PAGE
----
Soybean-to-corn price ratios in Spring and Fall
The 2014 soybean-to-corn price ratio of 2.46 is high for the 1999-2013 period. Only the 2008 ratio of 2.47 exceeds the 2014 ratio. From 2007 to 2008, U.S. corn acres decreased by 8% while soybean acres increased by 17%. This acreage switch lends support for reductions in corn acres in 2014.
Relationship between Projected and Harvest Soybean-to-Corn Price Ratios
Relative corn and soybean profitability in 2014 will be influenced by how long price ratios persist. In particular, the relationship at harvest will be important in the final determination of relative returns. To see if high or low soybean-to-corn price ratios has historically persisted till harvest, a harvest soybean-to-price ratio was calculated using harvest prices used to determine revenue for crop insurance. Harvest prices are the average settlement prices of October CME futures prices (December contract for corn, November contract for soybeans).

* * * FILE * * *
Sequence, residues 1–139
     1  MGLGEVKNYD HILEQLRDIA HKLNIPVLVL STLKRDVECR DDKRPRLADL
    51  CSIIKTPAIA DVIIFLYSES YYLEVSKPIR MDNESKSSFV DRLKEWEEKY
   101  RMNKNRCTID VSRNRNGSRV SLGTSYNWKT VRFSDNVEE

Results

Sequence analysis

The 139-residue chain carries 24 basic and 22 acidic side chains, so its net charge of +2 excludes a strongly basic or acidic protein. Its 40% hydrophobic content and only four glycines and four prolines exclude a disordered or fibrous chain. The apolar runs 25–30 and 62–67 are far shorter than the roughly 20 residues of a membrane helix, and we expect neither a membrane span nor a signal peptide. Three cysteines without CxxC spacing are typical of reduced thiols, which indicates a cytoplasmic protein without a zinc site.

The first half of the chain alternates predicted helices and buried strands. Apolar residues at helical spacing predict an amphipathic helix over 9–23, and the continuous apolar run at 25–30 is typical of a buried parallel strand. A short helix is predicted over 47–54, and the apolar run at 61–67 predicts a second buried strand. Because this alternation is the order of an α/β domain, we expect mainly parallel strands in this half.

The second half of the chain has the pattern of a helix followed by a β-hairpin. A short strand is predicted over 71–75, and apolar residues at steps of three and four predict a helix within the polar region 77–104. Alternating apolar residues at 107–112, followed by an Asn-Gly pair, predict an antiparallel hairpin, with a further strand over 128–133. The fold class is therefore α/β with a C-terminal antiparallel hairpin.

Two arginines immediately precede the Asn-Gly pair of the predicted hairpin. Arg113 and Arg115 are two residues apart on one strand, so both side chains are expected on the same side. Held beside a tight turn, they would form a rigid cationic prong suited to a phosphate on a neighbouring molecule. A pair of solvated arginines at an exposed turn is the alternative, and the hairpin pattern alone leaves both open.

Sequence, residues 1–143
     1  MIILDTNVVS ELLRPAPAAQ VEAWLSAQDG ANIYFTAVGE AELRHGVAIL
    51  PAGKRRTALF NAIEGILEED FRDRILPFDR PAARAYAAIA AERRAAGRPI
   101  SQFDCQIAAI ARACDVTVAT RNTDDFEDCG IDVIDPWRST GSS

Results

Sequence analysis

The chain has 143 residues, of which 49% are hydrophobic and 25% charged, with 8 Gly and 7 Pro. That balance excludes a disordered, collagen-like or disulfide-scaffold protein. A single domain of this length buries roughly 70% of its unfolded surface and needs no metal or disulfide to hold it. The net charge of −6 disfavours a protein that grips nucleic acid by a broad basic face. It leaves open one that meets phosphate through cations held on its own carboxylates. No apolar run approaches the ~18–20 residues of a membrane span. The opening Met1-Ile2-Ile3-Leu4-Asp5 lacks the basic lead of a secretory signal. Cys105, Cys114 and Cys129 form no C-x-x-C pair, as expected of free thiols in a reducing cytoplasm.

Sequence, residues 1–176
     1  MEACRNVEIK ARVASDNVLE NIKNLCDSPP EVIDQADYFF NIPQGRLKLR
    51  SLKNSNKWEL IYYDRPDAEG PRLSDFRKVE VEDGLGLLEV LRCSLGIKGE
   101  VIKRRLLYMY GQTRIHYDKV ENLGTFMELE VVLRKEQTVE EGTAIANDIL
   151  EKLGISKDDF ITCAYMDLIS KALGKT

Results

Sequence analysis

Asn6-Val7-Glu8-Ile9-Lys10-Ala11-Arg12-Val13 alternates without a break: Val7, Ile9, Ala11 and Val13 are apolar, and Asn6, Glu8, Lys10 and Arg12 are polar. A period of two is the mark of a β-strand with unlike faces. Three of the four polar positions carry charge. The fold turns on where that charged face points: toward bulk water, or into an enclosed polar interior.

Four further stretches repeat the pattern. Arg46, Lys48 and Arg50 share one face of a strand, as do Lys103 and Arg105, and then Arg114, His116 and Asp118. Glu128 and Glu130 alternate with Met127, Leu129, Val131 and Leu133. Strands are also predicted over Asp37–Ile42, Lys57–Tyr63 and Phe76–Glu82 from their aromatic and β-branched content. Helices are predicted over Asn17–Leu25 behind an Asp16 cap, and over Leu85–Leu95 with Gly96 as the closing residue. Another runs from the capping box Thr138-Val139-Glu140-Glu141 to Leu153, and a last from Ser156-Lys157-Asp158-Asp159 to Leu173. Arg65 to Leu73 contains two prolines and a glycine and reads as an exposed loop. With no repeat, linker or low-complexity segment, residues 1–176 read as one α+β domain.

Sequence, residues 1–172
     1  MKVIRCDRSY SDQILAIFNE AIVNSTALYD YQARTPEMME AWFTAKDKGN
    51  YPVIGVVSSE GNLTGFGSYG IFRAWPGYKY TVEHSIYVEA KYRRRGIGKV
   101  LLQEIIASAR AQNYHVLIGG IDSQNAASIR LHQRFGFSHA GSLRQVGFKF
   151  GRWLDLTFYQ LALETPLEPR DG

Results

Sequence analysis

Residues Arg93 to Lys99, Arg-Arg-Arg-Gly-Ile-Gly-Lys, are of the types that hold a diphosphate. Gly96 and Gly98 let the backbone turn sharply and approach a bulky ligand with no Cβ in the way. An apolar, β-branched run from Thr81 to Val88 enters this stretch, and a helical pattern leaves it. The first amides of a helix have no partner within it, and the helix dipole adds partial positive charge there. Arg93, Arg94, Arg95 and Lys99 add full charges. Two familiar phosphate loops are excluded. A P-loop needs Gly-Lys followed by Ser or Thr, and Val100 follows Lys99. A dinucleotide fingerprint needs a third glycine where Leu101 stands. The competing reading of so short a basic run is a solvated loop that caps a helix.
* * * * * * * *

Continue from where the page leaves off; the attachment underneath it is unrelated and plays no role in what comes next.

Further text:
click image to zoom Figure 2 shows a scatter of projected and harvest soybean-to-corn price ratios from 1972 through 2013. Each dot gives a year's pair. As can be seen in the figure, there is some correlation between projected and harvest soybean-to-corn price ratios (.28 correlation coefficient). Higher harvest price ratios tend to be associated with higher projected ratios; however, there is considerable variability. The solid line in Figure 2 located at 2.46 gives the 2014 projected soybean-to-corn price ratio. As can be seen, a wide range of harvest ratios occur near 2.46, suggests that harvest ratios can vary from projected ratios.
Acreage decisions will be impacted by relative prices being offered by the market; however, relative prices at harvest could differ from those in the spring. This suggests that farmers switching acres this spring should consider locking in some of the return difference through marketing contracts. It also suggests making acreage changes based strictly on relative prices may not result in the acreage mix that optimizes profits. Longer run rotational and yield considerations should enter into planting decisions.
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